Tater Tot Casserole
2 pounds of ground beef
1 package of Ore-Ida Tater Tots
1 cup shredded colby-jack cheese (or cheddar)
1 tsp. onion flakes (or grated fresh onion)
2 cans of cream of mushroom soup
1 teaspoon seasoning (like Mrs. Dash)
salt and pepper to taste
Preheat oven to 375 degrees.
Place tater tots into a 9 x 13 casserole pan (I lightly spray mine with non-stick spray first) and set in the oven while you brown the ground beef. I add the onion flakes, seasoning and salt and pepper to the ground beef. When the hamburger is browned, mix it with the cream of mushroom soup and spoon over the top of the tater tots. Layer on cheese and cover with foil. Bake for about 20 minutes or until soup is hot and bubbly. Remove foil and bake for a few more minutes until cheese is a melted layer of luscious gooey-ness. Remove from oven and serve. I like to sprinkle the top of my casserole with a bit of chopped fresh parsley. Captain Cavedweller likes his straight up “without any of that weird green stuff on there.”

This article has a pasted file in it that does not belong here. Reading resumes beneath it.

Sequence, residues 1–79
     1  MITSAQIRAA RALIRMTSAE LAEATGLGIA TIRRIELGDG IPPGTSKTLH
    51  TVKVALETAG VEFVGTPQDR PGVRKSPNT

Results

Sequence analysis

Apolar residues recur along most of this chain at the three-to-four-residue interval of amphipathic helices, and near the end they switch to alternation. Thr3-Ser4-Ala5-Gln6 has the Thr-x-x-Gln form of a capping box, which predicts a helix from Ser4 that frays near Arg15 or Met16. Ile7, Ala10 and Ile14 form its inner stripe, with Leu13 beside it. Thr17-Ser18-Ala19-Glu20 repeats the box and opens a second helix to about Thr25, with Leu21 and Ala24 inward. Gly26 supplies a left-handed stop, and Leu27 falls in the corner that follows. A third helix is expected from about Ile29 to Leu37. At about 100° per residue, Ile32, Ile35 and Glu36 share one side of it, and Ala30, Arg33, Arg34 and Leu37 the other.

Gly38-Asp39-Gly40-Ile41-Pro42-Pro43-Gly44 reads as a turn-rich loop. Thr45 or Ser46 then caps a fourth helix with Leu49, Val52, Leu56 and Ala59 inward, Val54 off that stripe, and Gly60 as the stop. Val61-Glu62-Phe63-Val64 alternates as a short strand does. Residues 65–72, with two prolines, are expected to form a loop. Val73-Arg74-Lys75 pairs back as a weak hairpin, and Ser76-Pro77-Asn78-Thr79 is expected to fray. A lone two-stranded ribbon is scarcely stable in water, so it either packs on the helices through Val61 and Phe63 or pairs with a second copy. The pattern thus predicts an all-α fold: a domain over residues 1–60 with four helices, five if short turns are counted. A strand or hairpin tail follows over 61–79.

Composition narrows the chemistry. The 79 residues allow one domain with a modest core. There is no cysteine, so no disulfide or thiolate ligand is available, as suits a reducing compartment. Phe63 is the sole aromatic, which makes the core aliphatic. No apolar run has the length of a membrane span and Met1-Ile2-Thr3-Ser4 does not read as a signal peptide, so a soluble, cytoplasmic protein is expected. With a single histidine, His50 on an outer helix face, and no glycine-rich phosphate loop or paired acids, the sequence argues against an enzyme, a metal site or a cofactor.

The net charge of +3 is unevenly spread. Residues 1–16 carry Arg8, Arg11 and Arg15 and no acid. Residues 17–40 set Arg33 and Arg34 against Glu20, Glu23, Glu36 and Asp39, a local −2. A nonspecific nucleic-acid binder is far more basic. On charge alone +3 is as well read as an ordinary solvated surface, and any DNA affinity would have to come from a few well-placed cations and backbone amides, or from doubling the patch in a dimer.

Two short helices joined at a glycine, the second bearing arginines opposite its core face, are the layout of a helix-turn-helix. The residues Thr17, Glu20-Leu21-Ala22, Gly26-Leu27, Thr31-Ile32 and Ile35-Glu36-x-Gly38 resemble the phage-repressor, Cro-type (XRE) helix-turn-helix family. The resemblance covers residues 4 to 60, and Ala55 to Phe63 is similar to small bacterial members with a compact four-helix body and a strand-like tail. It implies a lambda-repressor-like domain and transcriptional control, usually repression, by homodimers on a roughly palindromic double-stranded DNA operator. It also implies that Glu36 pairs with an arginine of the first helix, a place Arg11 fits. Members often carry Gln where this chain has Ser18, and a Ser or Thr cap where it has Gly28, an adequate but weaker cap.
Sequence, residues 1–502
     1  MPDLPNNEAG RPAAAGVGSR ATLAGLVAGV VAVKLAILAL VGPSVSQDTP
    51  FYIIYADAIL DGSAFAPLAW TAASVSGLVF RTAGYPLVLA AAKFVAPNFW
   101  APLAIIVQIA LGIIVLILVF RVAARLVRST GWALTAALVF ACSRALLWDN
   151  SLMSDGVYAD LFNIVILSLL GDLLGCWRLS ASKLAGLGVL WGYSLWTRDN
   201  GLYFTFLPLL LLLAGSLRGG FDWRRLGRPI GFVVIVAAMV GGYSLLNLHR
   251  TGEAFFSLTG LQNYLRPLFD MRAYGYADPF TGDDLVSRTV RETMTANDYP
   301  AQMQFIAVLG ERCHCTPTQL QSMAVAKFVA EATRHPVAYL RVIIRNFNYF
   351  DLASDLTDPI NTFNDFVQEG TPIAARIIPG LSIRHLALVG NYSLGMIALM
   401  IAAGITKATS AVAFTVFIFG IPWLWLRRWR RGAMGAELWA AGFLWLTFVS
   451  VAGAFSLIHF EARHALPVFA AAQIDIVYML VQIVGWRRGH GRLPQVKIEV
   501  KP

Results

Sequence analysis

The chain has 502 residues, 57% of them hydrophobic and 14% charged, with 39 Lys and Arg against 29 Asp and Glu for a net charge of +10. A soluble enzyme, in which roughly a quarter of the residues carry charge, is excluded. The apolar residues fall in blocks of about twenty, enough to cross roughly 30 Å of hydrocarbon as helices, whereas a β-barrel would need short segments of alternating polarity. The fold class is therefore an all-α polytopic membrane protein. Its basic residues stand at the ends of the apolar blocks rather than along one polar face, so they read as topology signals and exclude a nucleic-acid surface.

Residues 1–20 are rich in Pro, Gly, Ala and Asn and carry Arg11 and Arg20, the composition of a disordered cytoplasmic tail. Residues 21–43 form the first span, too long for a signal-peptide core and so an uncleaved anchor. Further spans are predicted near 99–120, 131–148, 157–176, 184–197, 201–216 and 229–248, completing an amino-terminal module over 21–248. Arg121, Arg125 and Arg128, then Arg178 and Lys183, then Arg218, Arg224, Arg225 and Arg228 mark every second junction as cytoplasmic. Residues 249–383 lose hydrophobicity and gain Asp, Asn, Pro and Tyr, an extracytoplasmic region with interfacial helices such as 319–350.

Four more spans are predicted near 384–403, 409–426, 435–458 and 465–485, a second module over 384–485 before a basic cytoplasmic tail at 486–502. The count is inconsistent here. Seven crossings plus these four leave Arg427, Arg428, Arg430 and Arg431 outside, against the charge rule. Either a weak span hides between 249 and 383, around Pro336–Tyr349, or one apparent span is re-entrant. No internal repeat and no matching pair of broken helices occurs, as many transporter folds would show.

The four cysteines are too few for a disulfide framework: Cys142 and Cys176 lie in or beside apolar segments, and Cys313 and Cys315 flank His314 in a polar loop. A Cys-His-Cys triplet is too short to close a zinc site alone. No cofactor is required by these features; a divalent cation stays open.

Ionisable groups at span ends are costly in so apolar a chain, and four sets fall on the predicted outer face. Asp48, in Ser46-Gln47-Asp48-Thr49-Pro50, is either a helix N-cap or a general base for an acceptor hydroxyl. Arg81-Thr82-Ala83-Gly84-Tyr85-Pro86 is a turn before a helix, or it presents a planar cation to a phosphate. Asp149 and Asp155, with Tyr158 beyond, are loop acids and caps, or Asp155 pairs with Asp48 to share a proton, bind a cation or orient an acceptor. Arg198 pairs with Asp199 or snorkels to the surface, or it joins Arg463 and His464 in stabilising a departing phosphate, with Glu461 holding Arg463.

What is your favorite fast or easy dinner recipe using potatoes?
Stop in later to see if your name has been added to the list of semi-finalists!